Distracted hearing and fatigue

A high cognitive effort reduces the amount of brain resources available to process everything else. So things like concentration, memory and planning may be affected. It's easier to get distracted. And constantly decoding and processing sounds can take up a lot of mental resources and can be tiring.

How can this type of cognitive decline be prevented?

Treatment of hearing loss can help keep the brain functioning at an ideal level and can contribute to a good quality of life. There are many hearing solutions and are they are highly effective. In fact, 95% of people with hearing loss can be helped by hearing aids.

It's important to identify and treat hearing loss early. The longer treatment is neglected, the more challenging it can be for the brain to relearn and repair itself. Like physical therapy after a surgery, consistent use of hearing aids is essential in a successful treatment plan.

Certain portions of this article were taken from a blog at Amplifon

Wednesday, May 24, 2017

Preventing Painful Accidents—I Didn’t hear it coming!

“I was walking in a parking lot, didn’t hear a car backing up and it missed me by inches.”
hearing problems

Many people would argue the fact that hearing aids are not that important for mild to moderate hearing loss until they realize hearing loss can put a person at high risk of nearly being hit by a car, not heeding the warning from a person behind them, not hearing their window at home being opened by a burglar and many other life-threats that good hearing warns us about.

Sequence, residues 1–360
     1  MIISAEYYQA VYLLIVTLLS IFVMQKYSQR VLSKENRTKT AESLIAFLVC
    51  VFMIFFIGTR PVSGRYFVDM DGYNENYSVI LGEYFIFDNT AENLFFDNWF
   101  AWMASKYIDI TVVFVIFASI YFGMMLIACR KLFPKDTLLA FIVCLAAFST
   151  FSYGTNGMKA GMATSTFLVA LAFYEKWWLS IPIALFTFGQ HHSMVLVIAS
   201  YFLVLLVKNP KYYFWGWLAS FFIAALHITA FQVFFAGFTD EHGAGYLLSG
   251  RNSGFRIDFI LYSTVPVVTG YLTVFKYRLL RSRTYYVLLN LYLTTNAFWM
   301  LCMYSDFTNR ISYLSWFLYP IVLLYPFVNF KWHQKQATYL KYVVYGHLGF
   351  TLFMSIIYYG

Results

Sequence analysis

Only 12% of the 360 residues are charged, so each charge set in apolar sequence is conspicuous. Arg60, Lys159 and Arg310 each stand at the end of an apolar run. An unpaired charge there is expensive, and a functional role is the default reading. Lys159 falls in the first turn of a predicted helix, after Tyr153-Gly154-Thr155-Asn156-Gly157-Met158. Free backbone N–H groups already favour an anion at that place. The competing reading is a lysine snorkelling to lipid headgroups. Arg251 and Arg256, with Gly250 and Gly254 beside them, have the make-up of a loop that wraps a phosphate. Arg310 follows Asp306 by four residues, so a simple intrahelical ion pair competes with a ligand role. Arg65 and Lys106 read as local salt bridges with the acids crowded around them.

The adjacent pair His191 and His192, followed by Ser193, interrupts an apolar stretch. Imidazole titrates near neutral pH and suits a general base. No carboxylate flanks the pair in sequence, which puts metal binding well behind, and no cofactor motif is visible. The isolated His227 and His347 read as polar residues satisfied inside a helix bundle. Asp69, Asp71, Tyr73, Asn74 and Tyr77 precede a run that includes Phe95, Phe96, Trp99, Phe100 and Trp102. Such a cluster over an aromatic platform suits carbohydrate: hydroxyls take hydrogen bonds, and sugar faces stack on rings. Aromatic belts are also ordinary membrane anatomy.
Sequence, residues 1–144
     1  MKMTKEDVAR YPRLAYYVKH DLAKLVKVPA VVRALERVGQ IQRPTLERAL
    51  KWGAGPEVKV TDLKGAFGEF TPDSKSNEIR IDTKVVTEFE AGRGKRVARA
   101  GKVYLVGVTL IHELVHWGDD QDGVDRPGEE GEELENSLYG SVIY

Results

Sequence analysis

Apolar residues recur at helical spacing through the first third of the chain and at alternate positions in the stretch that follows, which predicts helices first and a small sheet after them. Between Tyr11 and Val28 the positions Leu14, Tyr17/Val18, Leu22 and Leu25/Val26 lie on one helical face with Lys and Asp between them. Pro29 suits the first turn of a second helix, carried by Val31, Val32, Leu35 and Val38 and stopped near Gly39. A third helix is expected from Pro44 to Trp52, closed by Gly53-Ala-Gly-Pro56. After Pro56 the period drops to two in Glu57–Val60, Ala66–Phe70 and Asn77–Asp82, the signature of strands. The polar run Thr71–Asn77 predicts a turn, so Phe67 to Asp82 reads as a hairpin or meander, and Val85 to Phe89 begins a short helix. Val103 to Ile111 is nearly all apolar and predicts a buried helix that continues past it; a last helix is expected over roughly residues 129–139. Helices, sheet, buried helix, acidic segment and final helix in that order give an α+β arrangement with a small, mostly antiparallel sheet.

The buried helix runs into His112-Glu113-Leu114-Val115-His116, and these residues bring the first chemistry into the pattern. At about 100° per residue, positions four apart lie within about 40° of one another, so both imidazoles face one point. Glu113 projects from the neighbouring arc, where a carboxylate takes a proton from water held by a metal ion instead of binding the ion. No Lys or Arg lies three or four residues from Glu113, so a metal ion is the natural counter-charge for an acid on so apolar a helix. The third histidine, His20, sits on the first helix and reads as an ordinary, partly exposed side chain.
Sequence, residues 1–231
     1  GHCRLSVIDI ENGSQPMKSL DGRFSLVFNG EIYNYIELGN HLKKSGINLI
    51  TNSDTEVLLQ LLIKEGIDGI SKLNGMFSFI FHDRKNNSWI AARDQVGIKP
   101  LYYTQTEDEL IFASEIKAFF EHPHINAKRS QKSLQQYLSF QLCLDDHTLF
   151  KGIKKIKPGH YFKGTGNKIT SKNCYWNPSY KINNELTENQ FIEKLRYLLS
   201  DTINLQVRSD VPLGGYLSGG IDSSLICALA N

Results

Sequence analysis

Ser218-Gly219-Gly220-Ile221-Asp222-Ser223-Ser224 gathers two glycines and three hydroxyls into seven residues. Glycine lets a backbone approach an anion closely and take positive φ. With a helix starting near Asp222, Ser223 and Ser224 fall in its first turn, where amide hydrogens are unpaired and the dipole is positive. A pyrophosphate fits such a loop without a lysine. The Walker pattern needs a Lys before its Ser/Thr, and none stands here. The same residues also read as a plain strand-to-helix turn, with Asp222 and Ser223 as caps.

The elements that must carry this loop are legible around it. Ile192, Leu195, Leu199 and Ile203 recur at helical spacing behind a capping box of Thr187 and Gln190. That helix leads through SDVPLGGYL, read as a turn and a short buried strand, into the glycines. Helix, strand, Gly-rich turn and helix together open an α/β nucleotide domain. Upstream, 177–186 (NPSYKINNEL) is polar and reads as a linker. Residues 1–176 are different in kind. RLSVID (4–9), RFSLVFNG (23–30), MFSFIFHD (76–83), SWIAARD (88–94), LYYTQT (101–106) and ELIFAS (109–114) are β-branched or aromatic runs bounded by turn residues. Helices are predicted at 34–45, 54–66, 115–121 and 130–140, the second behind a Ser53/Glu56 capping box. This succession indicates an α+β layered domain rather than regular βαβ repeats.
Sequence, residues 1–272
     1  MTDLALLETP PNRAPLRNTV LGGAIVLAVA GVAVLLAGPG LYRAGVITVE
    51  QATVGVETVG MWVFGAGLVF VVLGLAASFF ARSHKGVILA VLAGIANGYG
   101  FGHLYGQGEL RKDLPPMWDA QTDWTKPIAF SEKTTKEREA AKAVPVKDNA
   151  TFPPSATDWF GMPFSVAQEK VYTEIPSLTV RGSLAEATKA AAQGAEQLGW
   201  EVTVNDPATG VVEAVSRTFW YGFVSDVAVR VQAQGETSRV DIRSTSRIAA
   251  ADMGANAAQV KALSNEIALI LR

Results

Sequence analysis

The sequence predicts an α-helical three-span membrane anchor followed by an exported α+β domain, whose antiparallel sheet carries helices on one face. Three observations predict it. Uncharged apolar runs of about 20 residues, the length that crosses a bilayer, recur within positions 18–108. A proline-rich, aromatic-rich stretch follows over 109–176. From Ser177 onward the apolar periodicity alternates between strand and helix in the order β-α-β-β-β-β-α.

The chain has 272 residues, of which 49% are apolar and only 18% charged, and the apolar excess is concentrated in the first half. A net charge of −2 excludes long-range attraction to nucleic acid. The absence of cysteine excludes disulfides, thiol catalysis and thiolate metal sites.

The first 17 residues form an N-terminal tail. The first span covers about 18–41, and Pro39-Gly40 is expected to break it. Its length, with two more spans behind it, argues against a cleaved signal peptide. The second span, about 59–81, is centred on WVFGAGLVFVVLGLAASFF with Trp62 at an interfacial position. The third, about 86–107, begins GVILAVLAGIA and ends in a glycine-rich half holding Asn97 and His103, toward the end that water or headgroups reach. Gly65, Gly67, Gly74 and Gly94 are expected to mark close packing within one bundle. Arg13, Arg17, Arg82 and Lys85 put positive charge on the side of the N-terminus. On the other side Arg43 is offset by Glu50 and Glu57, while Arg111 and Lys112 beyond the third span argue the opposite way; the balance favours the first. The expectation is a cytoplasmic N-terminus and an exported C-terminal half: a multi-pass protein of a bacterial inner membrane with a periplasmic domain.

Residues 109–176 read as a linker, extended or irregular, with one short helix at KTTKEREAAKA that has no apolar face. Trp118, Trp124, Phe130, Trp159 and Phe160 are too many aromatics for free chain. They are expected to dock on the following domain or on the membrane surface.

I have also had several patient’s who had balance issues and have taken terrible falls until they began wearing hearing aids. After all, our balance which is located in the ‘semicircular canals’ is connected right next to our cochlea, which is our main organ that distinguishes sounds and distributes them to the brain. (We really hear with our brain…the ears just “transmit” sound to the brain).

Brain hearing
I have mentioned to many people the fact that if correcting their hearing deficiencies could prevent even one fall and prevent a hospital visit, the price of a hearing aid would seem much smaller; especially if it would save a broken bone or hip replacement in the future.

Seniors falling down
It’s not that treating hearing loss with hearing aids will guarantee normal balance and always prevent falls, but they have been added to the long list of health benefits like better balance; and  the very common onset of dementia…persons who don’t treat their hearing loss have a five times greater chance of developing dementia and cognitive decline along with other health issues; like the annoying ringing in the ears (Tinnitus) that has proven to diminish healthy and enjoyable living.